Mr Invisible

I love to talk, as I’m sure many of you reading will know! And talking, reading, researching and just generally being open minded has helped me SO much, to better understand how to support my son and his very special ‘clever brain’ as he calls it. 

You see for so many that have a limited experience of autism it’s really hard for them to understand how someone can look and seem no different to you, but inside they have different ways of processing the world, different things to be concerned about, a different approach. 

I have friends with Crohns, Endometriosis, Depression, Anxiety, and all manner of things that you cannot see – invisible things that cause them to think, act, be and do things differently. 

Why do I mention this? 

Because out of everything we support Charlie with the toughest part of it is the invisible nature of his differences. 

Our gorgeous baby Sofia has a heart condition that requires surgery – and as hard as that’s been to deal with for us – people get it. It’s concrete, it’s understood, its black and white, it’s something people can get their head round. 

Our social circle is small, our best friends and family very close. On reflection I realise this is because it’s safe, we know where we are, we don’t have to do the exhausting explaining of ourselves. “Yes Charlie eats pizza and cucumber most days for dinner, yes he hates birthday parties, yes he really really really loves superheroes, yes we go to the same place on holiday every year…. you get the idea ?!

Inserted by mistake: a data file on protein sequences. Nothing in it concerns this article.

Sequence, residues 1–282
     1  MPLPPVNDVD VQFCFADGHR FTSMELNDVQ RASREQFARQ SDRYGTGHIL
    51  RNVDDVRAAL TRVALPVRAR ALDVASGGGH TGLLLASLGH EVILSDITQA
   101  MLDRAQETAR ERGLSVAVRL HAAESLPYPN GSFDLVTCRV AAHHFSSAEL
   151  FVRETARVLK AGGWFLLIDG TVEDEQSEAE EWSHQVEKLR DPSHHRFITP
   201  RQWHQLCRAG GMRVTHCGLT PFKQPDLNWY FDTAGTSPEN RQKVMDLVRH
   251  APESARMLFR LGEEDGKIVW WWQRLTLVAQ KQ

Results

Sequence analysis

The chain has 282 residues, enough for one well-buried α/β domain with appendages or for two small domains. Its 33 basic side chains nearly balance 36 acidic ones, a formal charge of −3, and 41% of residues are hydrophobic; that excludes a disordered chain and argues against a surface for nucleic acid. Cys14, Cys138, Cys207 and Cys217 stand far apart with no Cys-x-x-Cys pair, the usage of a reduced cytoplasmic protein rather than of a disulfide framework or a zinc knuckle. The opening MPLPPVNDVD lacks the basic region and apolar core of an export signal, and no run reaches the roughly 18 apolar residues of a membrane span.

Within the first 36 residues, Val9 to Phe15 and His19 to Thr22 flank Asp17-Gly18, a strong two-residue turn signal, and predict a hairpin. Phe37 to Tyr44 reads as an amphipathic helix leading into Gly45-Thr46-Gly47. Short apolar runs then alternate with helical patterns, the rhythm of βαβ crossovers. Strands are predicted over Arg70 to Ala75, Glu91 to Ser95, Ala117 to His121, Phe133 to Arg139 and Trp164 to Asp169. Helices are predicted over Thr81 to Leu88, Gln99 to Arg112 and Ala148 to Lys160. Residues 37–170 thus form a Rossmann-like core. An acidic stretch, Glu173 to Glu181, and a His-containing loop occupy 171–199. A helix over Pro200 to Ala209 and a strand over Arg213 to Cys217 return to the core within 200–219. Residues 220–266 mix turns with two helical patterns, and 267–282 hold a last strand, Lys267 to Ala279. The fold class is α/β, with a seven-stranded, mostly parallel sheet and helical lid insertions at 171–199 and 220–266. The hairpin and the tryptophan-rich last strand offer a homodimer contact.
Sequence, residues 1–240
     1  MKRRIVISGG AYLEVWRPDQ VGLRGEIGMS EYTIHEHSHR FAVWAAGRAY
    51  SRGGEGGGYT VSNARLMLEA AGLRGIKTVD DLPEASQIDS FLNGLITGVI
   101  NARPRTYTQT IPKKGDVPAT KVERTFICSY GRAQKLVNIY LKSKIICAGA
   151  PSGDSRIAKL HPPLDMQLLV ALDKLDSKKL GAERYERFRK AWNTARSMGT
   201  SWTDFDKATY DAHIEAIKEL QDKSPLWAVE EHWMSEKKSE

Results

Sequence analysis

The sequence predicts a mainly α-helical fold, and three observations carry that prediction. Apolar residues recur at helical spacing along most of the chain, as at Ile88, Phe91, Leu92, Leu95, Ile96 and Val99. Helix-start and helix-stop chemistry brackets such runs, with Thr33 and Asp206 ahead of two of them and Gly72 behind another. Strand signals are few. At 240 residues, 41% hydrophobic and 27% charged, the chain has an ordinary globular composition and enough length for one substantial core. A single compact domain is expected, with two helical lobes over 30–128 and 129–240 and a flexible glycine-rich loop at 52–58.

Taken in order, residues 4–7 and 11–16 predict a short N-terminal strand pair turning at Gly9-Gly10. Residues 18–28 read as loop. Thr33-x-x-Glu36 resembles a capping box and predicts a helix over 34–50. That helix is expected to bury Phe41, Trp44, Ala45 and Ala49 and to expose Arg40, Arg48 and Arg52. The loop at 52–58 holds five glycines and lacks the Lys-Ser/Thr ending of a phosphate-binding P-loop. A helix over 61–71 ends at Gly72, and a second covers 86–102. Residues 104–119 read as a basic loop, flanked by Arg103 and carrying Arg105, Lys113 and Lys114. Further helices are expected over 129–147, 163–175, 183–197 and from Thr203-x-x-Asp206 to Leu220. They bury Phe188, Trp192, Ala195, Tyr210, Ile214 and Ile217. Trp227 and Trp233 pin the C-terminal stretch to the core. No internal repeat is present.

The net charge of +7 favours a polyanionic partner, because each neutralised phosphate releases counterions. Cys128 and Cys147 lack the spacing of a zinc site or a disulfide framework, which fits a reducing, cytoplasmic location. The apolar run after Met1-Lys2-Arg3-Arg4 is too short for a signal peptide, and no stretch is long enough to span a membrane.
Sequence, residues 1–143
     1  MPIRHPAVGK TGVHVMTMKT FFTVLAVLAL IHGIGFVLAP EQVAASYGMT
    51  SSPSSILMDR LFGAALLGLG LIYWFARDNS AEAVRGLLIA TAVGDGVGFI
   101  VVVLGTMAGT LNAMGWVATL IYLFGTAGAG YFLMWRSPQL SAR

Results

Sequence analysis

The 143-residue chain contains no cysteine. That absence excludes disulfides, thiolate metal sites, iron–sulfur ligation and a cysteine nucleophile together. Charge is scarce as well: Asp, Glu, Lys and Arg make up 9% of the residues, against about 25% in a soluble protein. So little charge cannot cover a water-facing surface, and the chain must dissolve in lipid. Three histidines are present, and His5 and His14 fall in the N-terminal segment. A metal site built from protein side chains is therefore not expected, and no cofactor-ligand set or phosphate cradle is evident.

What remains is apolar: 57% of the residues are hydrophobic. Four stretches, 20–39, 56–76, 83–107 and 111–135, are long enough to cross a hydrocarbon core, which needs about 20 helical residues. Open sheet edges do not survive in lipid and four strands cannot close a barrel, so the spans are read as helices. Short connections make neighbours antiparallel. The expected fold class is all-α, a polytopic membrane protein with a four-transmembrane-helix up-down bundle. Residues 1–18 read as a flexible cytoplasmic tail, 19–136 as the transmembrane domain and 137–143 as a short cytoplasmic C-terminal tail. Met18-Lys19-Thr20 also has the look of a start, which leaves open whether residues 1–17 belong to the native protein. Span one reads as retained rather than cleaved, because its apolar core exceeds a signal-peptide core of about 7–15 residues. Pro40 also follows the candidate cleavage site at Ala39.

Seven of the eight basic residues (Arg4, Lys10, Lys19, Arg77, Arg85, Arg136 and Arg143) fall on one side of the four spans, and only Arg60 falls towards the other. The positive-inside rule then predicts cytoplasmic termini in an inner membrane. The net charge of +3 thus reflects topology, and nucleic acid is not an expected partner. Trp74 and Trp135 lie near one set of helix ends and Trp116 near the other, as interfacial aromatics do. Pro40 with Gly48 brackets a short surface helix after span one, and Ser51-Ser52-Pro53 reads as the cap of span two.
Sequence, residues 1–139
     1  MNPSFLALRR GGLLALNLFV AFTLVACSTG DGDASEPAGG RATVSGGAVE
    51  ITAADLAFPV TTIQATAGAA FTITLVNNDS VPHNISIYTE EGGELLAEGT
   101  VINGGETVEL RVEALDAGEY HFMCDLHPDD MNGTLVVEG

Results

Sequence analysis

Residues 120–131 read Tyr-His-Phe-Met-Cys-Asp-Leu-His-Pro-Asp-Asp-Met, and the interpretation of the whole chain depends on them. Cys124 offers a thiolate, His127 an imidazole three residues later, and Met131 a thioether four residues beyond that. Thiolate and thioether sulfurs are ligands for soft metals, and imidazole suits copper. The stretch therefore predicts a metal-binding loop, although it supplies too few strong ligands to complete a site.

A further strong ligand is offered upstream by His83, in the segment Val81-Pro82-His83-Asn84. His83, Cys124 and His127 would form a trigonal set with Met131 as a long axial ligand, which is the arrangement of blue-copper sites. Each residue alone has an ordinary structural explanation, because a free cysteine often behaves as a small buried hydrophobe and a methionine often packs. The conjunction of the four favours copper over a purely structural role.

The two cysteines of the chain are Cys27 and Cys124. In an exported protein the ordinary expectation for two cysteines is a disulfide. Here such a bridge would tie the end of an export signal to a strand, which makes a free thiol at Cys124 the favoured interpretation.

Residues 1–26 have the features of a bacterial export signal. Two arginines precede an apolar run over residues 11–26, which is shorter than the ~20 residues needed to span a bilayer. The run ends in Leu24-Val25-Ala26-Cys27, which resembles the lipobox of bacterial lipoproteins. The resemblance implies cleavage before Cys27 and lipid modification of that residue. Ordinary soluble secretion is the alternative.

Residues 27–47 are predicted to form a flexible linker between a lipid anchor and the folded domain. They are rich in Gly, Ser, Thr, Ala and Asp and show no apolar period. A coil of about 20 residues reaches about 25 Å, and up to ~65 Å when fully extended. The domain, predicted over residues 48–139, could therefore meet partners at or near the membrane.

If I could ask anyone that reads this to just simply consider this notion of Mr Invisible – he’s not a real superhero is he?! I’ll ask Charlie he will know lol – if you meet someone and you aren’t quite sure, maybe you can’t put your finger on it, but they are different, quirky, may choose to do things in a different way to you – please stop and think. Could your understanding, your time, patience or support make a difference- chances are it will…….



  1. It still surprises me the this day how others can jump to conclusions about a young child or show no understanding to people facing additional challenges of infant/junior school age children or their families, it’s not wrong to be different and these children really can and do go on to achieve like any other kids can. ive had some of my funniest moments in life with quirky people and it’d be a boring place if we was all the same.


    1. Lee thanks so much for taking time to comment. I absolutely agree, and I wish I didn’t even feel the need to write this but unfortunately there are so many people out there not as open minded and real as you and I!


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